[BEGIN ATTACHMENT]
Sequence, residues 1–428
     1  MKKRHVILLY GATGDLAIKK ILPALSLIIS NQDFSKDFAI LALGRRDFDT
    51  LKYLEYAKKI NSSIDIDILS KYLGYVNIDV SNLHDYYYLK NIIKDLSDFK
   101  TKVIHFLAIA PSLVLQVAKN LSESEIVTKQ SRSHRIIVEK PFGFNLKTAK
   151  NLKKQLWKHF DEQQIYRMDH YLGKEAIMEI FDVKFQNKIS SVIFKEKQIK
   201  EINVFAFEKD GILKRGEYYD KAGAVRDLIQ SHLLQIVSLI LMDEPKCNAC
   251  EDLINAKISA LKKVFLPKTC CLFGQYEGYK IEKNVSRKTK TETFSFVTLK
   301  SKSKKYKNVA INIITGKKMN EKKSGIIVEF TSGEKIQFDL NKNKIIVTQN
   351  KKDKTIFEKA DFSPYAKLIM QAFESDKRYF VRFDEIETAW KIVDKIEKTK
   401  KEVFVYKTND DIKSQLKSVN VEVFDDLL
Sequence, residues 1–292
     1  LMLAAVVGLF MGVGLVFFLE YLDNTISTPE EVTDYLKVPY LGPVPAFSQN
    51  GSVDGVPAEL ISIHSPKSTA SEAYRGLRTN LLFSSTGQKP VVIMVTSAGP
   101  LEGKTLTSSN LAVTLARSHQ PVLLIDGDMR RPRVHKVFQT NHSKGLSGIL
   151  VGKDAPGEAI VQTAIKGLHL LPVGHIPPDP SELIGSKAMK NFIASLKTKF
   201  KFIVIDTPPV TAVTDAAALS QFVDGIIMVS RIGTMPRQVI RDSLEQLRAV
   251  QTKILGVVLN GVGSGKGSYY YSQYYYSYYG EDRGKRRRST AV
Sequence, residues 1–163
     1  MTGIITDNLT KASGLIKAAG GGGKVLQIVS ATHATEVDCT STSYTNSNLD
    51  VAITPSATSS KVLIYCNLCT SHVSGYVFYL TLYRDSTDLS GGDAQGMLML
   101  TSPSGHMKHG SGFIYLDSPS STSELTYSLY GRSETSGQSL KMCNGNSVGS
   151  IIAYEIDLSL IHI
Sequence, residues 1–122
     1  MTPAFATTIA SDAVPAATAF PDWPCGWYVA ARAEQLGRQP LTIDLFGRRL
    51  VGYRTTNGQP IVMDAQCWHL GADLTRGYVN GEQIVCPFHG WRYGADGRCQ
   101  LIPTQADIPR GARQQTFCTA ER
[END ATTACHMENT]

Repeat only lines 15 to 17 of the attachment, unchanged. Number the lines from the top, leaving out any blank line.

   151  VGKDAPGEAI VQTAIKGLHL LPVGHIPPDP SELIGSKAMK NFIASLKTKF
   201  KFIVIDTPPV TAVTDAAALS QFVDGIIMVS RIGTMPRQVI RDSLEQLRAV
   251  QTKILGVVLN GVGSGKGSYY YSQYYYSYYG EDRGKRRRST AV